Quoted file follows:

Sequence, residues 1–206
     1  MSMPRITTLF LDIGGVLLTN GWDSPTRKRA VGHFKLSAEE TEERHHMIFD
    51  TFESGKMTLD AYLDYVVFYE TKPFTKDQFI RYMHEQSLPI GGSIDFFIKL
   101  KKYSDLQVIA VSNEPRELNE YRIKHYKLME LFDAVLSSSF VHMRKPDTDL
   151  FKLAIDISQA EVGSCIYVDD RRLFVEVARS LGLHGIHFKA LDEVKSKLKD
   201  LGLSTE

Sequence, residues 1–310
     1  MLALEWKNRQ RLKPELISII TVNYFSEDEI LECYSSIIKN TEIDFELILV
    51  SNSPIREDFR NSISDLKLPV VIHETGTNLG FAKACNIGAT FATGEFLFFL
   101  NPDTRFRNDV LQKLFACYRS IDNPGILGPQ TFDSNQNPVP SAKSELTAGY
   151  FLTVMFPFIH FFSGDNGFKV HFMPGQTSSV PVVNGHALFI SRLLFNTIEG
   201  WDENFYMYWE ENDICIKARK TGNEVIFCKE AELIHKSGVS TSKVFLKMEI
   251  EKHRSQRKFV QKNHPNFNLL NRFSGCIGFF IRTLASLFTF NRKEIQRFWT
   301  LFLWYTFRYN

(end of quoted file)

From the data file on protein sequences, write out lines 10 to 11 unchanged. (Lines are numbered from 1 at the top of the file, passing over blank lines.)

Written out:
   101  NPDTRFRNDV LQKLFACYRS IDNPGILGPQ TFDSNQNPVP SAKSELTAGY
   151  FLTVMFPFIH FFSGDNGFKV HFMPGQTSSV PVVNGHALFI SRLLFNTIEG